It is often quoted that Genghis Khan said:

The greatest happiness is to scatter your enemy, to drive him before you, to see his cities reduced to ashes, to see those who love him shrouded in tears, and to gather into your bosom his wives and daughters.

Where does this quote come from? What did he mean when saying it? Do we actually have confirmation that he even did say this?

I've looked around and haven't found much. It's not in the Secret History of the Mongols. I've found a blog saying that it's quoted in Ibn Battuta's travelogues (writing over a hundred years after Genghis' death), possibly as a way to denigrate the Mongols:


But I don't have access to Battuta's original text.

Did Battuta get it from any earlier source? Is the quote actually consistent with Mongols' self-portrayal, or is it just a volley in the propaganda wars between the Mongols and their enemies?

  • Fun fact of the day: Conan the Barbarian says something very similar to this when he is asked "What is best in life?" He responds: "To crush your enemies, see them driven before you, and hear the lamentations of their women". – Wad Cheber Aug 15 '15 at 4:12
  • Yes, this was why I started looking into it. I assume that was a direct reference to this quote. (Not the other way round!) – Fhnuzoag Aug 15 '15 at 12:17
  • Here is the clip on Youtube. Note that the movie even references the WRONG! answer of the other general. – Stephan Kolassa Sep 14 '15 at 12:42

I found a similar quote in Rashid-ad-din, (=Rashid al Din (1247-1318) in Wikipedia), Collection of chronicles, vol. 1, book 2 (Russian edition, 1952). The chapter is called Tales on Genghiz Khan, on his laudable features, qualities of his soul, etc. [very long title].

I translate the relevant place (from the Russian): Once Genghiz Khan asked Boorchi-noyon who was the chief of the emirs, what is the greatest joy and pleasure for a man. Boorchi said: "That a man takes a falcon.... etc. [about hunting]

Then Genghis Khan said to Boragul: "You say too!" And Boragul said....[also something about hunting].

Then Cenghiz Khan asked the sons of Khublai. [they also replied something about hunting]

Then Genghiz Khan was willing to say: "You did not answer well! The greatest pleasure and joy for a man is to suppress a rebel and to defeat an enemy, uproot him and take everything he possesses, force his married women cry with tears, and to sit on his good and nice horses, and to make his beautiful wives.... [I cannot translate into English in a public site, what he proposes to do to those beautiful wives].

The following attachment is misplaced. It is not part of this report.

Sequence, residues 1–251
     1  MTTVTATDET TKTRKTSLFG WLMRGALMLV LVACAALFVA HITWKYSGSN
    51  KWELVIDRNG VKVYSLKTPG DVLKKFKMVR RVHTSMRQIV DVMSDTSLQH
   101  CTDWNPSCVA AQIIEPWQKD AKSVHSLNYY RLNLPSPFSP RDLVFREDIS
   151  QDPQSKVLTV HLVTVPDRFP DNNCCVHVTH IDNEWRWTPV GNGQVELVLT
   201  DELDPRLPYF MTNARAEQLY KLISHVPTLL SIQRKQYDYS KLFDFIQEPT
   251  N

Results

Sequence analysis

The whole chapter in Rashid is about 10 pages of such stories and quotations of Genghiz Khan.

  • I believe this is the same work as the History of the World the other answerer mentioned. This neatly answers both my questions, then. As someone working for the Mongols, Rashid would have access to that sort of internal accounts of Genghis' personality, and his work was approved by the Mongol rulers. Ibn Battuta, traveling around the Ilkhanate, would have had access to this work. I suppose the only loose end is to verify that the quote isn't in Tarikh-i Jahangushay-i Juvaini, which Rashid apparently used as a source. – Fhnuzoag Aug 15 '15 at 12:31
  • 1
    Yes, it seems to be the same source. Rashid was born 20 years after Genghiz death. So he could even speak to people who knew Genghiz personally. – Alex Aug 15 '15 at 13:21
  • However, the Secret History of the Mongols, which seems to be the authentic Mongolian account of Genghis Khan does not mention this episode. – Alex Apr 10 at 4:29

The quote comes from the Jami' al-tawarikh (the Ilkhanate's "History of the World"). The quote as given by d'Ohsson, translated from the French:

This conqueror once asked to noyan Bourgoudji, one of his first generals, what was, in his opinion, the delight of man. "It is, he said, to go to the hunt, a spring day, mounted on a beautiful horse, holding his fist on a hawk or a falcon, and see it cut down its prey." The prince made the same question to General Bourgoul, and then to other officers, who all answered as Bourgoudji. "No," said Chingiz Khan, "the greatest enjoyment of a man is to overcome his enemies, drive them before him, snatch what they have, to see the people to whom they are dear with their faces bathed in tears, to ride their horses, to squeeze in his arms their daughters and women."

As far as I know, there is no English translation of the Jami' al-tawarikh, but there is a French translation to which I do not have access.

The context is that in the essay (the book is a series of hundreds of essays) the author gives several anecdotes concerning Genghis Khan and this is one of them.

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